Ohio State nav bar

A Bluegrass Birthday w/ Katie Laur

On January 20, 2016, Cassie Patterson, Asst Director for the Center for Folklore Studies, received an email from the Cincinnati-based bluegrass musician Katie Laur with whom the CFS has collaborated on a number of projects. Katie’s email explained that her 72nd birthday was imminent and would be marked – as it apparently is each year – by a “huge hootenanny style event” with a host of musicians, friends, and otherwise “colorful people” in attendance. In addition, the original Katie Laur Band would be performing along with a line-up of guest artists. Might Cassie might interested in coming along and perhaps even recording the event in some way?

Cassie was most definitely interested, so on Wednesday 20th January, she and her dog – Willa Jean - set off in their car, collecting Rachel Hopkin (this year’s CFS Graduate Archivist) and Rachel’s bag of audio recording equipment en route.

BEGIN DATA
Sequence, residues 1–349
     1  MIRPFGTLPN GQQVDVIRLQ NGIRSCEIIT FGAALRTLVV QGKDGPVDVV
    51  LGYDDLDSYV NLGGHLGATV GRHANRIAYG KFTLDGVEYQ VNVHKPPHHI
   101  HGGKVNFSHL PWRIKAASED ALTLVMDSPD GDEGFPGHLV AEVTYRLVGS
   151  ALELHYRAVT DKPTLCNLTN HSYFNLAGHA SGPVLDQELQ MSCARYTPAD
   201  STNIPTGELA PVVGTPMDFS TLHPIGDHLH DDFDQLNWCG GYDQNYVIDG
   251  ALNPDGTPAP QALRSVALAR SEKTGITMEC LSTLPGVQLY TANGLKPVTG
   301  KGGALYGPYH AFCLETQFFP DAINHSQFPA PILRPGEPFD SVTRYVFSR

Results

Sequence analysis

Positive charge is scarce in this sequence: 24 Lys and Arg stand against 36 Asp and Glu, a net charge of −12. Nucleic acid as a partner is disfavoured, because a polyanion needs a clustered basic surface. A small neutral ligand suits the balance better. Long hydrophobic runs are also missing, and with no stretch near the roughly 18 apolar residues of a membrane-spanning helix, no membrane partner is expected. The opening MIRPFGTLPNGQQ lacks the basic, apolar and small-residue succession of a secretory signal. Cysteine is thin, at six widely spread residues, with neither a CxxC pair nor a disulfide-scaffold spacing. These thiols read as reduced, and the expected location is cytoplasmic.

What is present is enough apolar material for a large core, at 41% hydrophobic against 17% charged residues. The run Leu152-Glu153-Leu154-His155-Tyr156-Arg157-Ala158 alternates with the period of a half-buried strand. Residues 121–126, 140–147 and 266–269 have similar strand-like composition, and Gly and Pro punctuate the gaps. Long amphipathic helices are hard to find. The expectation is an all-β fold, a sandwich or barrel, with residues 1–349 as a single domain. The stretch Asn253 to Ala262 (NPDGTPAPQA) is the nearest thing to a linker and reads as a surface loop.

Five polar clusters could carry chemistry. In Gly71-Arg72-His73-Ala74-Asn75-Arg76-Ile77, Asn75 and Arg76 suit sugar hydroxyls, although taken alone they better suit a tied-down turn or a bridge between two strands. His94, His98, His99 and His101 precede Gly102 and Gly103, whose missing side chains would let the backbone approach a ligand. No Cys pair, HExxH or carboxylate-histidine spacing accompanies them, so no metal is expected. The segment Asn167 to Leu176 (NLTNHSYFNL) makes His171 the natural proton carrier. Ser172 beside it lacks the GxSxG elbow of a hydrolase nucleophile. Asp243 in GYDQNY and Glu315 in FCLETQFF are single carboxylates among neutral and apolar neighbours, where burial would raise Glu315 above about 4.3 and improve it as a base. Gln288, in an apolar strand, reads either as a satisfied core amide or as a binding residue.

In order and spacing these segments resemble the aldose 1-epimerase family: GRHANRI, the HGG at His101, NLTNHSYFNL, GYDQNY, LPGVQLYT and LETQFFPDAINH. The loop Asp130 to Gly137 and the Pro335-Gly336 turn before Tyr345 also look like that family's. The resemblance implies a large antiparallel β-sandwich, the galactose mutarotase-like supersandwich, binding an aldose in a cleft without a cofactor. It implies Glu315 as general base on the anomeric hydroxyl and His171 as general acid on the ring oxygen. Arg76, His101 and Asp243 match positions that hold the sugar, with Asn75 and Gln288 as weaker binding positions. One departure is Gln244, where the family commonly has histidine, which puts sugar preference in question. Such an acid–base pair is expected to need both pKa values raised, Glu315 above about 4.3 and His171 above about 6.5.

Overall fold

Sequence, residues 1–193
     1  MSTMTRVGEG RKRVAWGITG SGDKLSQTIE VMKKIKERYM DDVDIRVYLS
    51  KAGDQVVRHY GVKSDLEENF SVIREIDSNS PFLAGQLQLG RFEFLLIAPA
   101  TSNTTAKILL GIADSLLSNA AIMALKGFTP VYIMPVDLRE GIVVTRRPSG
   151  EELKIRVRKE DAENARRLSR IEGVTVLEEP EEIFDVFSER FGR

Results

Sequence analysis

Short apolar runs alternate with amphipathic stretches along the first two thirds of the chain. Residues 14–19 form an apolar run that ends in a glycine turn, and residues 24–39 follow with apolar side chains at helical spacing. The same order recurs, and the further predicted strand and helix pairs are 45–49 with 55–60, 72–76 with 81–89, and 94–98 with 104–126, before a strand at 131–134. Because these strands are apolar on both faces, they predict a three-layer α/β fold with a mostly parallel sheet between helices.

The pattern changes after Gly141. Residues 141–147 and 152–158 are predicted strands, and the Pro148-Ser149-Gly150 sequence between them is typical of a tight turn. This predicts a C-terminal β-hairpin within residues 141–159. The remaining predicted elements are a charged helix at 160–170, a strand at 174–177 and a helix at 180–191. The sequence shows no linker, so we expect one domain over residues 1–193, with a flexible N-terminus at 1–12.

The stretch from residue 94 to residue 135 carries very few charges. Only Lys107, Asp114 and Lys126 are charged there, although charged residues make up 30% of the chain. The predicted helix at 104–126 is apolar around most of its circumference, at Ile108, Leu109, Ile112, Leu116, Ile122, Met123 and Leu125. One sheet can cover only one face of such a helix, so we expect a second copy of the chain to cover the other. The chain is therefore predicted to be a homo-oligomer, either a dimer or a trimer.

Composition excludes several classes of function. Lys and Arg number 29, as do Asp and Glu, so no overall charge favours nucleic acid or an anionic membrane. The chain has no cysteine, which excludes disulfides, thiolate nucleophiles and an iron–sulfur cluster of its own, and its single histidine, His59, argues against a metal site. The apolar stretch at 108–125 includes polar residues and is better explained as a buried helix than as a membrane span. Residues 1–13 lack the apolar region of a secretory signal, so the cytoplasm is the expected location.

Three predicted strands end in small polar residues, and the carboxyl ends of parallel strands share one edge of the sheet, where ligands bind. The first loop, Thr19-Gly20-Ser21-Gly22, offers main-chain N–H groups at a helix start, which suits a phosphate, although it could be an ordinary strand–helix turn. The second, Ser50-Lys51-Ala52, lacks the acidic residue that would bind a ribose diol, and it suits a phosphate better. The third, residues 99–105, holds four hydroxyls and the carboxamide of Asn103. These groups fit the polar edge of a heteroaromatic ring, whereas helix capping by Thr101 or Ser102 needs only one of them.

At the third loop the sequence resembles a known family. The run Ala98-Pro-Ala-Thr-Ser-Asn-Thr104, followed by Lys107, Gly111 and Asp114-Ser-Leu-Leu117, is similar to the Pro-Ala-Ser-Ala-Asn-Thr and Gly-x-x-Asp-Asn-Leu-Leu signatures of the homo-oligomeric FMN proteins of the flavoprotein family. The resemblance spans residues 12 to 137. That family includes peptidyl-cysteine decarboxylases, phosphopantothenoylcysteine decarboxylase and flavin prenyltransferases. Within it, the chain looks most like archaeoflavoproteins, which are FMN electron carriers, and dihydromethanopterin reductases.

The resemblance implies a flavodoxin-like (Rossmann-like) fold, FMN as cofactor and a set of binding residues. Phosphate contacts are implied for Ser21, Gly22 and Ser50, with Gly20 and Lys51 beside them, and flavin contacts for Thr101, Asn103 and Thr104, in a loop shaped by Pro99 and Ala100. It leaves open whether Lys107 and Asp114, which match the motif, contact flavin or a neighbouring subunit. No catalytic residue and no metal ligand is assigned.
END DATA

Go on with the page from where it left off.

The location of Katie’s party was the Front Street Café, a historic restaurant and café overlooking the river in New Richmond, OH. By the time Cassie and Rachel arrived, the place was already full, the band was about to play, and so they go to work. Over the course of several hours, they recorded some fabulous music, took photos of Katie’s many friends and colleagues, and also managed to interview figures who, like Katie, have played an important role in the Ohio music scene. They included musicians David Edmundson, once of the renowned Spring Valley-based Hot Mud Family; Randall Birckhead, who plays with the Them There Mountain Boys; and Ma Crow – who will be performing with her band, the Lady Slippers, in Columbus on February 19 (see http://macrowmusic.com/calendar/ for details). Retired architect Harry Sparks also made time to talk with them. He has a sideline in repairing string instruments for the stars - Sam Bush and Bela Fleck number amongst his clients, as does Katie herself.

All in all, it was a splendid evening and a great opportunity to mark our appreciation for a woman who has been a pivotal figure in Ohio bluegrass for decades, often providing unique spaces for women in traditional women to come together to support one another and hone their craft. And although Katie may be in her early 70s, she remains committed to music and is full of ideas of how to help build the scene. The CFS is hoping to collaborate with Katie further in the future and we’ll keep you posted of our plans here.